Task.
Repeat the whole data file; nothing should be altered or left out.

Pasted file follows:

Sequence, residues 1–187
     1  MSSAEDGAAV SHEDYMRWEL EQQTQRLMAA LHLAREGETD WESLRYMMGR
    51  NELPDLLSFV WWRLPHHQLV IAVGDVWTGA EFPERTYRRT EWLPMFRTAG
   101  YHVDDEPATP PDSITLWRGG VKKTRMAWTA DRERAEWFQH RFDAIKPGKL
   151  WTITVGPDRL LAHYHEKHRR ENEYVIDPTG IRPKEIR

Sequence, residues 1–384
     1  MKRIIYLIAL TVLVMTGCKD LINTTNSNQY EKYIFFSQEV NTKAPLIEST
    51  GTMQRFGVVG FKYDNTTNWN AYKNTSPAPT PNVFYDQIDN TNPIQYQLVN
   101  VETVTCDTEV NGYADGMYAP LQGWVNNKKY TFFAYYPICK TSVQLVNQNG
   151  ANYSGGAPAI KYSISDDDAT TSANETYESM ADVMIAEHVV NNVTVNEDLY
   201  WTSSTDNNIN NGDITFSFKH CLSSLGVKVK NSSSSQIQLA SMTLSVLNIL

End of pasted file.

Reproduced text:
Sequence, residues 1–187
     1  MSSAEDGAAV SHEDYMRWEL EQQTQRLMAA LHLAREGETD WESLRYMMGR
    51  NELPDLLSFV WWRLPHHQLV IAVGDVWTGA EFPERTYRRT EWLPMFRTAG
   101  YHVDDEPATP PDSITLWRGG VKKTRMAWTA DRERAEWFQH RFDAIKPGKL
   151  WTITVGPDRL LAHYHEKHRR ENEYVIDPTG IRPKEIR

Sequence, residues 1–384
     1  MKRIIYLIAL TVLVMTGCKD LINTTNSNQY EKYIFFSQEV NTKAPLIEST
    51  GTMQRFGVVG FKYDNTTNWN AYKNTSPAPT PNVFYDQIDN TNPIQYQLVN
   101  VETVTCDTEV NGYADGMYAP LQGWVNNKKY TFFAYYPICK TSVQLVNQNG
   151  ANYSGGAPAI KYSISDDDAT TSANETYESM ADVMIAEHVV NNVTVNEDLY
   201  WTSSTDNNIN NGDITFSFKH CLSSLGVKVK NSSSSQIQLA SMTLSVLNIL